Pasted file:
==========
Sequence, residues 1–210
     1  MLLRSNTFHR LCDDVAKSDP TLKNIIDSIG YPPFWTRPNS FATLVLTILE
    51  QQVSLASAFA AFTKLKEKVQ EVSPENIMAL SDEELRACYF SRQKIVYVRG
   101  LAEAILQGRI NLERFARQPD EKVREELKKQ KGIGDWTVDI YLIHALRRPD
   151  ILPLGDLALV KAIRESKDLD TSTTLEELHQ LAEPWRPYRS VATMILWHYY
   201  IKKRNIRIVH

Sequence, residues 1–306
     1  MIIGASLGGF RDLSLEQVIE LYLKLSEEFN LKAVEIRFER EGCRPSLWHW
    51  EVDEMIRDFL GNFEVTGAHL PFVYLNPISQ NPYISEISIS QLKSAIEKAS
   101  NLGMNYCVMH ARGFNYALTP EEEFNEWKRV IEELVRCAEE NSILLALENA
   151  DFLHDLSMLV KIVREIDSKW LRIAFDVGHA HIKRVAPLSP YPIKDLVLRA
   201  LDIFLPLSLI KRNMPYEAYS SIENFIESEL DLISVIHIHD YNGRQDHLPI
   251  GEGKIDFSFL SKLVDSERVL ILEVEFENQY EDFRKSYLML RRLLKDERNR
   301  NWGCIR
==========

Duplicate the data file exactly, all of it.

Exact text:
Sequence, residues 1–210
     1  MLLRSNTFHR LCDDVAKSDP TLKNIIDSIG YPPFWTRPNS FATLVLTILE
    51  QQVSLASAFA AFTKLKEKVQ EVSPENIMAL SDEELRACYF SRQKIVYVRG
   101  LAEAILQGRI NLERFARQPD EKVREELKKQ KGIGDWTVDI YLIHALRRPD
   151  ILPLGDLALV KAIRESKDLD TSTTLEELHQ LAEPWRPYRS VATMILWHYY
   201  IKKRNIRIVH

Sequence, residues 1–306
     1  MIIGASLGGF RDLSLEQVIE LYLKLSEEFN LKAVEIRFER EGCRPSLWHW
    51  EVDEMIRDFL GNFEVTGAHL PFVYLNPISQ NPYISEISIS QLKSAIEKAS
   101  NLGMNYCVMH ARGFNYALTP EEEFNEWKRV IEELVRCAEE NSILLALENA
   151  DFLHDLSMLV KIVREIDSKW LRIAFDVGHA HIKRVAPLSP YPIKDLVLRA
   201  LDIFLPLSLI KRNMPYEAYS SIENFIESEL DLISVIHIHD YNGRQDHLPI
   251  GEGKIDFSFL SKLVDSERVL ILEVEFENQY EDFRKSYLML RRLLKDERNR
   301  NWGCIR